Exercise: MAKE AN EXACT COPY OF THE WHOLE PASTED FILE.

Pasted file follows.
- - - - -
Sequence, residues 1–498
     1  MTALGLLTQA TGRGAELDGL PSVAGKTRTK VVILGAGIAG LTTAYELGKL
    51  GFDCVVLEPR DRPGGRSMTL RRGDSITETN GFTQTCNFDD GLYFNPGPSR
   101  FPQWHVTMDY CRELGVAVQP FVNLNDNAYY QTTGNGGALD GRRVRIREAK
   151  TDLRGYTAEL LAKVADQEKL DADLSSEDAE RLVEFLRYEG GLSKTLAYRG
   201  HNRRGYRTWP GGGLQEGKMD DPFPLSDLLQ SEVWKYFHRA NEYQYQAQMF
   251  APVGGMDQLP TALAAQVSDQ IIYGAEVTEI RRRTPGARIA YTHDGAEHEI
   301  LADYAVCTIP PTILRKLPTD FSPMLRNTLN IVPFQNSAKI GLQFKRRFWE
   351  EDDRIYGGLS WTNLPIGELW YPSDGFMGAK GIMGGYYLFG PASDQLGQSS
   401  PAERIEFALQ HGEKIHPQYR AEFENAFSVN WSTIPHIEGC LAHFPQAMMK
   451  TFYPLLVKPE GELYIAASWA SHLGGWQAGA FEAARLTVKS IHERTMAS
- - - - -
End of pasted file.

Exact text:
Sequence, residues 1–498
     1  MTALGLLTQA TGRGAELDGL PSVAGKTRTK VVILGAGIAG LTTAYELGKL
    51  GFDCVVLEPR DRPGGRSMTL RRGDSITETN GFTQTCNFDD GLYFNPGPSR
   101  FPQWHVTMDY CRELGVAVQP FVNLNDNAYY QTTGNGGALD GRRVRIREAK
   151  TDLRGYTAEL LAKVADQEKL DADLSSEDAE RLVEFLRYEG GLSKTLAYRG
   201  HNRRGYRTWP GGGLQEGKMD DPFPLSDLLQ SEVWKYFHRA NEYQYQAQMF
   251  APVGGMDQLP TALAAQVSDQ IIYGAEVTEI RRRTPGARIA YTHDGAEHEI
   301  LADYAVCTIP PTILRKLPTD FSPMLRNTLN IVPFQNSAKI GLQFKRRFWE
   351  EDDRIYGGLS WTNLPIGELW YPSDGFMGAK GIMGGYYLFG PASDQLGQSS
   401  PAERIEFALQ HGEKIHPQYR AEFENAFSVN WSTIPHIEGC LAHFPQAMMK
   451  TFYPLLVKPE GELYIAASWA SHLGGWQAGA FEAARLTVKS IHERTMAS